Mudcat Café message #4104538 The Mudcat Café TM
Thread #157370   Message #4104538
Posted By: cnd
03-May-21 - 03:08 PM
Thread Name: Lyr Add: 'Shenandoah' in the U.S. army
Subject: RE: Lyr Add: 'Shenandoah' in the U.S. army
Aside from the version you posted above from April 1868, the only version I've found remotely cracking that date was from August 1868 in Brooklyn Daily Eagle, Aug. 14 1868, p. 4:
"Rio Grande," is perhaps the greatest favorite of this description of songs [shanties with an "air of romance"], but all the beauty lies in her mournful air:--
 To Rio Grande we're bound away, away to Rio;
 Then fare you well, my pretty young girls,
  We're bound for the Rio Grande."
Though I should note that at this point in time "Shanandore" and "Rio Grande"/"Rollin' Rio" were considered two different songs, as reported in several journal's reprinted "Songs of the Sea":
The meter [of windlass songs] is apt to be shorter, as the motions are quicker. "Shanandore" is a famous one:

 "You Shanandore,
 I long to hear you."
   Chorus--"Hurrah! you rollin' river."
 Yon Shanandore, I long to hear you."
   Chorus--"Ah, ha! you Shenandore."

Another is "Rolling Rio," and a true favorite is this:

 "For seven long years I courted Sally."
   Chorus--"Hurrah, you rollin' river!"
 "I courted Sally down in yon valley."
   Chorus--"Ah, ha! I'm bound away on the wild Missouri."
(A second article attests to this separation in 1892).

The first place I found the two songs tied as having a common origin, The San Francisco Call, June 4th, 1911, wrote that they were not said to have originated "The negro roustabout on the Mississippi river [sic]" rather than the armed forces. That version does have a rather lengthy and flowery version of Shenandoah which mentions a "Yankee clipper," but the implication here seems to be the American Yankee rather than the Northern.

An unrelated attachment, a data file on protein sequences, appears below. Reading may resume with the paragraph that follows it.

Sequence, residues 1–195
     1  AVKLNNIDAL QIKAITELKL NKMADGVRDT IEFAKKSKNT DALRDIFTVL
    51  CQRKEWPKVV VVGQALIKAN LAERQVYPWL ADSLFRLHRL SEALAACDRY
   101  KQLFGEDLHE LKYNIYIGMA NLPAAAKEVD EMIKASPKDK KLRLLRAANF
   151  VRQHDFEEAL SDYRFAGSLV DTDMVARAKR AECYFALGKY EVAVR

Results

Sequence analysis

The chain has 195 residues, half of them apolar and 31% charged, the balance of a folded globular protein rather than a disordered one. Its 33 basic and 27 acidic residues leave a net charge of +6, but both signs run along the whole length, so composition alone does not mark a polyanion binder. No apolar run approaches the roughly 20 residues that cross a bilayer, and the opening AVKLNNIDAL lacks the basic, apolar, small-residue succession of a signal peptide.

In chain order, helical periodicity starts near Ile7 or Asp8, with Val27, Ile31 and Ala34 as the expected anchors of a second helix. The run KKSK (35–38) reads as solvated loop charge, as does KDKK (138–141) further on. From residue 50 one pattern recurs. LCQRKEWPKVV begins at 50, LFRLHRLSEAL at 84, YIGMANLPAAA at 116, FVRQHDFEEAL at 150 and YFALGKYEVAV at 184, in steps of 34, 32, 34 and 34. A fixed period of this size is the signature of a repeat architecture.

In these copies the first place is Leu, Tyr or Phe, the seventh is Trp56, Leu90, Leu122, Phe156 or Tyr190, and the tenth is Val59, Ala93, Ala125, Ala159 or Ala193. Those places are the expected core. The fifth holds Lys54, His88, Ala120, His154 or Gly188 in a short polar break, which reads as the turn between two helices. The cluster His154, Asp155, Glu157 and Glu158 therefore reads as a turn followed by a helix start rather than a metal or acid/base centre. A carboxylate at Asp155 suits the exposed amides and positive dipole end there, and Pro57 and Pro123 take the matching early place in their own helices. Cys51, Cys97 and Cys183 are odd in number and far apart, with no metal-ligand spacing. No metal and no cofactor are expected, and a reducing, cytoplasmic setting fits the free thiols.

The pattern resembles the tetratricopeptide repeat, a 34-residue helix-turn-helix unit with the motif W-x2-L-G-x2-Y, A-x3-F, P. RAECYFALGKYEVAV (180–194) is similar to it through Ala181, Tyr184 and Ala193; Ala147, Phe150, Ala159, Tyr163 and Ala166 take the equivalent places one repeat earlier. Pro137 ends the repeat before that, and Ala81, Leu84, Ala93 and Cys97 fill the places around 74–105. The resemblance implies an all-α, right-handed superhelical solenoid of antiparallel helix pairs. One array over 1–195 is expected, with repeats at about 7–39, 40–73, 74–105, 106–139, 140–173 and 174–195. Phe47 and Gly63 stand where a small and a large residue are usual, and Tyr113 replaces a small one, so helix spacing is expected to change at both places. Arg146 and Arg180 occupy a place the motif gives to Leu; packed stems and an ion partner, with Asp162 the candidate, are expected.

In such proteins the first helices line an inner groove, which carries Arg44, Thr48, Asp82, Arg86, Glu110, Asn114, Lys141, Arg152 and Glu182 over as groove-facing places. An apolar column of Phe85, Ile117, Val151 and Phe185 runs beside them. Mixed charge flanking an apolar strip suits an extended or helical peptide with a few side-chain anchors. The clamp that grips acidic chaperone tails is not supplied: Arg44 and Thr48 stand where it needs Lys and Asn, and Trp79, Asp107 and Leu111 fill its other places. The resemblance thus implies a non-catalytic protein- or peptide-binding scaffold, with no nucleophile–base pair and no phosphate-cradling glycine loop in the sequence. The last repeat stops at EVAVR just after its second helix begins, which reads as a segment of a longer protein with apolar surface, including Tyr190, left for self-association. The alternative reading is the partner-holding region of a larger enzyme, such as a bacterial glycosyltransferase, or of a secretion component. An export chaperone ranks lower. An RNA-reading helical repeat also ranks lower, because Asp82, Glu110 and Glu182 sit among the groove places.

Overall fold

All this to say, I think we can rule out the song originating in the Civil War. You write it could have been from the Mexican-American War above, which remains in the realm of possibility.

The earliest reference to the song's association with the armed forces I've found comes in 1915, in a story about the training of the 1st Cavalry of the Illinois National Guard, via Floyd P. Gibbons for Chicago Tribune. He implicated the song was sung "by the Seventh United States Cavalry during the years that it was in Indian service along the Missouri river." Here, the lyrics are:
For seven long years, I courted Nancy.
Hi-oh, the rolling river.
She wouldn't have me for a sweetheart.
Ha, ha. We're bound away for the wild Missouri.
Because I was a cavalry soldier.
Hi-oh, the rolling river.

A drinkin' rum and chaw terbacker.
Ha ha. We're bound away for the wild Missouri.
And then she went to Kansas City.
Hi-Oh, the rolling river.
She must have had another sweetheart.
She wouldn't have me for a sweetheart.
Ha, ha. We're bound away for the wild Missouri.
Because I was a cavalry soldier.
Hi-oh, the rolling river.
This version matches closely the rendition in American Folksongs from John Minear's post, but precedes it by nearly 2 decades.

The American Indian Wars mostly precede the Mexican American War, but without specific battles, it's difficult to date just how long the 7th Cavalry reportedly was singing this before the Mexican-American War. The 7th formed in 1866, immediately following the Civil War; the bulk of the Indian fighting west of the Mississippi ended in the 1880s, giving us a probably date of the 1870s, but skirmishes persisted until the early 1900s.